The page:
I knew it would happen eventually, he just needed time. Patience is a virtue we’re told, although like most humans, I seem to have less and less of it these days. In my defence, the modern world thrives on speed, we like instant comment, just-in-time delivery and fast food.
To reset my ‘always in a hurry’ mentality, occasionally I like to spend a few days meandering on Britain’s beautiful waterway system, you just can’t hurry at 3 mph. My favourite is the Oxford canal, completed in 1790, it was built to carry coal from the Warwickshire coalfields to Oxford and the River Thames. It was a huge success, until the more efficient railway replaced it 60 years later. Heading north from Oxford in a narrowboat, the railway criss-crosses your path, the two are intertwined for most of the 75-mile journey. These days, the far noisier 20th century M40 also intrudes a little, but still, some of Britain’s best scenery unfolds, and the canal banks are home to a rich variety of wildlife. Who needs to fly to the Serengeti when you have heron, deer and water voles, cows, horses and a few sheep? Switch off your mobile, banish those pesky texts, calls and emails. Good food and refreshment are easily found, TV’s Inspector Morse was filmed in some of the many pubs en-route, he and Lewis knew a decent pie and pint when they found one.
As the hours and miles slip effortlessly by, you’re struck by the tranquil beauty of the villages, Thrupp, Heyford and Cropredy are all good examples, built long ago from that beautiful honey coloured ironstone, but you do begin to wonder where everyone is? Are they all indoors self-isolating? You’ll see ramblers and dog walkers, but those lovely pubs are virtually empty. It would be ironic if the pandemic that brought out our community spirit then goes and destroys it by keeping us all apart.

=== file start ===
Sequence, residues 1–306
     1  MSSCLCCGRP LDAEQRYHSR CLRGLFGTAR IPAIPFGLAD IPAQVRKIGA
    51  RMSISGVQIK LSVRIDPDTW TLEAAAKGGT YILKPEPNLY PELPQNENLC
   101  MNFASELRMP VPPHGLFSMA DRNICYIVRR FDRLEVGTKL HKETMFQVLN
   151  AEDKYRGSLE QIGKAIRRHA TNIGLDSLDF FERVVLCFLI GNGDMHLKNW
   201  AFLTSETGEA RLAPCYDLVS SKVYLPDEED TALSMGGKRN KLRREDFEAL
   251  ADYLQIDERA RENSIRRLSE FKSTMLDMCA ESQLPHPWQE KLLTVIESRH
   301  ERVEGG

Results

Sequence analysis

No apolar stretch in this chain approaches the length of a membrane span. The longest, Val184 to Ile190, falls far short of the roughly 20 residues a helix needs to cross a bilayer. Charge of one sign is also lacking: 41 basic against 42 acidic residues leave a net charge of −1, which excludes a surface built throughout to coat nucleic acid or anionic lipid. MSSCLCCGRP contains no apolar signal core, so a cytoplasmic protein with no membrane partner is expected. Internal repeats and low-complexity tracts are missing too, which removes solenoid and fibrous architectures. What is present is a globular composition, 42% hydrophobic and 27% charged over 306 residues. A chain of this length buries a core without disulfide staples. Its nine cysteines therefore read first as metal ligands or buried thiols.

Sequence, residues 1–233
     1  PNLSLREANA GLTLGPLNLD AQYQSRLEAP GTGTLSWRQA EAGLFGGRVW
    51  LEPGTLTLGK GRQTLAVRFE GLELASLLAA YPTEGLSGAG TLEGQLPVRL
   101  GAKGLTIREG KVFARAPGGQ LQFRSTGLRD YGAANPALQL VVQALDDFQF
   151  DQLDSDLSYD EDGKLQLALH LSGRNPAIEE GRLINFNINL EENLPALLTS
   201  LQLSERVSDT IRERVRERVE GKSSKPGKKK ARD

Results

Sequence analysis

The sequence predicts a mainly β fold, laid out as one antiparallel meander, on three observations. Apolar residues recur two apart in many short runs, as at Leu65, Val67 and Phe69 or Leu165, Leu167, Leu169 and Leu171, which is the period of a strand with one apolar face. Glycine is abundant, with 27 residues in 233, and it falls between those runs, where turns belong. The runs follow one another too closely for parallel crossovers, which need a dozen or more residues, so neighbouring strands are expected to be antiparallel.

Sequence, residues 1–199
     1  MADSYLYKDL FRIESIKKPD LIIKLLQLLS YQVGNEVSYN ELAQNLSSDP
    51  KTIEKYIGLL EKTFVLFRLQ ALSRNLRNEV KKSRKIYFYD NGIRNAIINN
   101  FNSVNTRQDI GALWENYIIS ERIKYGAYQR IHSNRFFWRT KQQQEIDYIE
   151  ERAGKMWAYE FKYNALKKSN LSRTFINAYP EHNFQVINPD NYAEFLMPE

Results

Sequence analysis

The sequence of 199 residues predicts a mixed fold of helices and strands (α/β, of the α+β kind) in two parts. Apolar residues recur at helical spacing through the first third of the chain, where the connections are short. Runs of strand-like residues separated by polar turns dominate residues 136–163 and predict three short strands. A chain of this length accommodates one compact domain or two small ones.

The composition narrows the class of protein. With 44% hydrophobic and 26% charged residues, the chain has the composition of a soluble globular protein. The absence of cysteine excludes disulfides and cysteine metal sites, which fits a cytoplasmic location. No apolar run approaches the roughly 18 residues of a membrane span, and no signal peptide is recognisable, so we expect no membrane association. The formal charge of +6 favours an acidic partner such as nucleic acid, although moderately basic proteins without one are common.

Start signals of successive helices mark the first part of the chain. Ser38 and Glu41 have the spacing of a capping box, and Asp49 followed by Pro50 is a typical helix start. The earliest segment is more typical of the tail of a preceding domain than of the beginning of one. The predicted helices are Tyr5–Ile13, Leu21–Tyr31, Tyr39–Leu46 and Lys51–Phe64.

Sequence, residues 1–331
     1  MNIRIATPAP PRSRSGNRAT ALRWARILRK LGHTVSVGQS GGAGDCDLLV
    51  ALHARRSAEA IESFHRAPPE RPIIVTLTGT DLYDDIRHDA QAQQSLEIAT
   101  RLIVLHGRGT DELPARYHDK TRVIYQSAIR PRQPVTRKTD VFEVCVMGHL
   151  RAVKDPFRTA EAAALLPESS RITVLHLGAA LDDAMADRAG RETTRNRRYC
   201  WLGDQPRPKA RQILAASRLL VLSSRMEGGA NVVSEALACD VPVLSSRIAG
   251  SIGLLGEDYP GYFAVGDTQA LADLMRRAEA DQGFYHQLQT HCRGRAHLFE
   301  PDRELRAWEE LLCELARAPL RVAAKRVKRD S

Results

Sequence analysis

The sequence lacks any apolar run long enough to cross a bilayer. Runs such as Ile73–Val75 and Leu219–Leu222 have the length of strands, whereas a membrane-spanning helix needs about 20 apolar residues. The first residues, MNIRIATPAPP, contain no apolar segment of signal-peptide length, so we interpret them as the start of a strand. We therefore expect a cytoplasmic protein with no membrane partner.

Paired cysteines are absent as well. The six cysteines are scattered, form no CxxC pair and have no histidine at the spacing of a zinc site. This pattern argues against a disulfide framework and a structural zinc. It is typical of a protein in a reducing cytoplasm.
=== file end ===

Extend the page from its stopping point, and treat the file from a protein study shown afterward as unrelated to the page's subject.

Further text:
The Government insists umpteen new homes need to be built in areas like these. Britain’s villages and towns must grow they insist, and we’re not talking about the odd barn conversion. They want large scale development on farmland, little boxes packed cheek by jowl with people living on top of each other. Without doubt this incomprehensible policy is a huge threat to our precious countryside, so how to stop it? Democracy should mean simply voting against it, but Oops, we elected a government hell bent on paving over vast swathes of countryside. And while we have to give up our countryside, they have an open door for the rest of the world. Last year 270,000 extra people moved to the UK – they’ve got to live somewhere. Does anybody think the two things might be connected?
It came as a huge relief to hear that the MP is firmly opposed to this mass-development nonsense locally. At last, my patience paid off, Bob’s got something right and it’s a 10 out of 10 from me, hurrah for Seely! On this one occasion, I will overlook the trivial detail that it’s his Conservative government imposing these potty building targets. We lack vital transport infrastructure; a full-service hospital and GP appointments are harder to find than a black cat in a coal cellar. Despite all that, people still want to buy here, local agents say demand for good homes is at an all-time high, with prices rising fast. Reassuringly, Bob’s ‘nothing to do with me Guv’ government claims every new home built is worth £500 a month to the local economy, but if that’s true, can we ask why Amazon seems to be doing so much better than Newport High Street?